We need a revolution in the way we both use and generate energy. Howard Johns puts forward the case for community energy systems with Mark Shorrock, founder and CEO of Swansea’s Tidal Lagoon Power scheme, Good Energy's CEO Juliet Davenport and Caplor Energy’s Gareth Williams. They discuss with Andy Fryers.
One summer, the author was bequeathed a hundred pounds of ripening apricots, which lay on her bedroom floor – a windfall, a riddle, an emergency to be dealt with. The fruit came from a neglected tree that her mother, gradually succumbing to memory loss, could no longer tend to. From this unexpected inheritance came stories, invitations and adventures; in a library of water in Iceland, in the basin of the Grand Canyon, in the imagined emptiness of the Arctic. Chaired by Rosie Goldsmith.
Rich in analysis and anecdote, the BBC’s Europe Editor examines the roots and routes of the economic crisis – Europe’s Darkest Hour Since World War Two.
In 1902 HG Wells wrote ‘Humanity has come some way, and the distance we have travelled gives us some earnest of the way we have to go. All the past is but the beginning of a beginning; all that the human mind has accomplished is but the dream before the awakening.’ The astronomer boldly explores post-human evolution and offers a SWOT analysis of mankind’s short- and longer-term futures. He considers the risks of asteroid impact, climate change and, most worrying of all, the downsides of biotech, AI and other fast-advancing technologies. Chaired by Dan Davis.
‘I have so carefully mapped the corners of my mind | That I am forever waking in a lost country...’ Seth’s new book of poems traces the immutable shifting of the seasons, the relentless rhythms of a great world that both ‘gifts and harms’. Luminous, resonant and profound, these poems trace the dying days of summer, ‘the hour of rust’, when memory is haunted by loss and decay. But in the silence that follows, as the soul is cast adrift, there is also reconciliation with the transience of all things; the knowledge that there is a place, ‘changeable, that will not betray’. Seth is author of A Suitable Boy, The Golden Gate, The Rivered Earth and Two Lives. Chaired by Claire Armitstead.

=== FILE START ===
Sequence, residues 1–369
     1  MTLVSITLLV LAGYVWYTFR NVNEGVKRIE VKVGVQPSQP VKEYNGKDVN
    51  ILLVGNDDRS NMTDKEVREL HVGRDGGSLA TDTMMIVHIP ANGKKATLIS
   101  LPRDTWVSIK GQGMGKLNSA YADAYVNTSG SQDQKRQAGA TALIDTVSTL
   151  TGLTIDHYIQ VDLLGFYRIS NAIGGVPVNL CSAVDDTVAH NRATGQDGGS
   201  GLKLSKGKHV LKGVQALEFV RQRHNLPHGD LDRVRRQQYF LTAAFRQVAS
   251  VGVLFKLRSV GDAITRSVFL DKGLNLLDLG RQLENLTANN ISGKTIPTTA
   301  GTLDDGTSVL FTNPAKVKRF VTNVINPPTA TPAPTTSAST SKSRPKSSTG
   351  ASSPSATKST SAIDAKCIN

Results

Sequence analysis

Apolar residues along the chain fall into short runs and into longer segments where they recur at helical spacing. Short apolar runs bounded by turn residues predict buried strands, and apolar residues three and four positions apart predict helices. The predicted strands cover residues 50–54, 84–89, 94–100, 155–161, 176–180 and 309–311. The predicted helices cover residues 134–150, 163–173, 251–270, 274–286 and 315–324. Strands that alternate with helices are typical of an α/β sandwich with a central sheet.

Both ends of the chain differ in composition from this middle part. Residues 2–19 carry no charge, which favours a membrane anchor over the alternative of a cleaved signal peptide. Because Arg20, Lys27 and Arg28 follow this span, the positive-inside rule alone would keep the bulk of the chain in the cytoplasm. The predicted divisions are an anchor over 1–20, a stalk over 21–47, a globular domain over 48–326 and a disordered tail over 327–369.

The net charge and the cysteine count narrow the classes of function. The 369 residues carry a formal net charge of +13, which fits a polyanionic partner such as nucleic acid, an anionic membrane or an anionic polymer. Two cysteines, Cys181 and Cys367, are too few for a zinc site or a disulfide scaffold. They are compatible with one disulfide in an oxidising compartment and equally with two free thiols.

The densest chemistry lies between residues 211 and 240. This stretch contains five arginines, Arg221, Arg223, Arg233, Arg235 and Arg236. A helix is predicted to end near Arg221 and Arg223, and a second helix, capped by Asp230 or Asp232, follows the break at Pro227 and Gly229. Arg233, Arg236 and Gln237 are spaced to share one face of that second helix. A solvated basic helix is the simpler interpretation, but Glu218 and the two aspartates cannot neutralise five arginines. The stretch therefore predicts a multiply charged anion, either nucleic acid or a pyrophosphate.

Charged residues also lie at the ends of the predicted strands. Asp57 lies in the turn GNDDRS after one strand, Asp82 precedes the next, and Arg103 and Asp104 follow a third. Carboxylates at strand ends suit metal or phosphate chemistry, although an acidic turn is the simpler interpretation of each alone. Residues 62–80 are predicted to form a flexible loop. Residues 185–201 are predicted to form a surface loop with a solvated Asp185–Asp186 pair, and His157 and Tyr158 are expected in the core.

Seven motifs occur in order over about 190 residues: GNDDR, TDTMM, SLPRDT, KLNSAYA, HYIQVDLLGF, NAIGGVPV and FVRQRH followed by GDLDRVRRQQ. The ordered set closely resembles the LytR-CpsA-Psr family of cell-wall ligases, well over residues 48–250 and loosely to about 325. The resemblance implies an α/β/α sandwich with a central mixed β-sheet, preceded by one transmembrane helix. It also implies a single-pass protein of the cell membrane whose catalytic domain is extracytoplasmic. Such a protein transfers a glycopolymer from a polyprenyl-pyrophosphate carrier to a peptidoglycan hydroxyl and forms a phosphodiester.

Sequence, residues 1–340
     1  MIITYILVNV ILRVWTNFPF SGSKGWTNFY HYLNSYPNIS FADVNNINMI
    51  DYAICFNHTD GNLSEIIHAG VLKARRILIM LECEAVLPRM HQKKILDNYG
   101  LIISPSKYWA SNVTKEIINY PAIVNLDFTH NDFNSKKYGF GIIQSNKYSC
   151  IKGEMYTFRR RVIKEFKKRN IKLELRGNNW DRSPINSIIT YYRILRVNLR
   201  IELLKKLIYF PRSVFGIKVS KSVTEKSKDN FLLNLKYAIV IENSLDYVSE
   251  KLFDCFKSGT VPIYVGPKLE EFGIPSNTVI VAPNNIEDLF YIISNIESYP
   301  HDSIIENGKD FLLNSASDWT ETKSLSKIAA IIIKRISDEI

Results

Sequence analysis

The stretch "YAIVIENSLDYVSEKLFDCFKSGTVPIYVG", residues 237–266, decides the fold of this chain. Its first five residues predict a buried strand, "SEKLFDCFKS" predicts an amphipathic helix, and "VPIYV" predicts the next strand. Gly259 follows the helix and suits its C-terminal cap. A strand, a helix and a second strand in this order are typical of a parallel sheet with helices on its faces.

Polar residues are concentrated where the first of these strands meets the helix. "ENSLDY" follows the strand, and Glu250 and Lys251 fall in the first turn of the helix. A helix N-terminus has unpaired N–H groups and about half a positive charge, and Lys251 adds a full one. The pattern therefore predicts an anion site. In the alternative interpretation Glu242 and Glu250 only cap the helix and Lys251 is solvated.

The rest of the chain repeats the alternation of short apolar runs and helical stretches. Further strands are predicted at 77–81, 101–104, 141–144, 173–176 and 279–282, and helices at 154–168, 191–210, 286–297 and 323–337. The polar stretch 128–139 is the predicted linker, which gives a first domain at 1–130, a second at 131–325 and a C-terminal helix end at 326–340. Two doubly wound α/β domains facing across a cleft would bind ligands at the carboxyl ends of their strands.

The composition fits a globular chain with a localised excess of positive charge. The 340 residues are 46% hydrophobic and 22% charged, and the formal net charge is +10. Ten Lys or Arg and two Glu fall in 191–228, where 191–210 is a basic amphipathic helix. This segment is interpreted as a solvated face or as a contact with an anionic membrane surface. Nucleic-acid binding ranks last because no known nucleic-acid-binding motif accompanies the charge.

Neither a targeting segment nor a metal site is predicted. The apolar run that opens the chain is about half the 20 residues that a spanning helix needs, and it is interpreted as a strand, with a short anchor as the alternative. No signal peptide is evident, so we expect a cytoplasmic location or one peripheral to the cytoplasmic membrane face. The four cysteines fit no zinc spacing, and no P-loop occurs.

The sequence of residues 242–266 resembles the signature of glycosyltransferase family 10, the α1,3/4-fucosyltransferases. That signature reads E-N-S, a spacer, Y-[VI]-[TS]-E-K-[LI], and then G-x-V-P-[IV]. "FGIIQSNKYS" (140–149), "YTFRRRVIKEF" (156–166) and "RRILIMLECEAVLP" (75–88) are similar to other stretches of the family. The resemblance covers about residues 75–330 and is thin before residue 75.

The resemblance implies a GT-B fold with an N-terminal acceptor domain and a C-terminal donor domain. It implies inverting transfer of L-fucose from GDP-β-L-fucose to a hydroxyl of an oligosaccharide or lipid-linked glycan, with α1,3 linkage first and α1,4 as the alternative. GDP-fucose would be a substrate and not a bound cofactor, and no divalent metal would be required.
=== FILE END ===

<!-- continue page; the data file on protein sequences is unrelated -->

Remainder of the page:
Why is glass see-through? What makes elastic stretchy? How come concrete pours? The broadcaster and UCL Professor of Materials and Society introduces The Strange Stories Of The Marvellous Materials That Shape Our Man-made World.
There is a burgeoning literature on end-of-life writing, on grief, bereavement and memorial. Edmund de Waal talks about mortality and how it is reflected across different genres and art-forms from the poetry of Anne Carson and Max Porter, the memoirs of Paul Kalanithi and Marion Coutts, to the writings of Atul Gawande and Julia Samuel. He will also discuss his own porcelain installations and collaborations that explore ideas of memorial. The Wellcome Book Prize lecture aims to celebrate the place of medicine, science and the stories of illness in literature, arts and culture, and how these stories add to our understanding of what it means to be human. Edmund De Waal, chair of judges for the 2018 prize, is an artist and writer, author of The Hare with the Amber Eyes and The White Road.
Seventy years ago Tom Rolt published the book Narrowboat and sparked one of Britain’s greatest conservation movements and rescued the nation’s canals from destruction. The Daily Telegraph’sMark Skipworth discusses with journalist Libby Purves, poet Jo Bell and industrial archaeologist Geraint Coles.
Two contributors to the magnificent Seren Press project of commissioning contemporary writers to reimagine the tales of The Mabinogion talk about the women of the stories. Doshi’s book in the series is Fountainville and Dafydd’s The White Trail.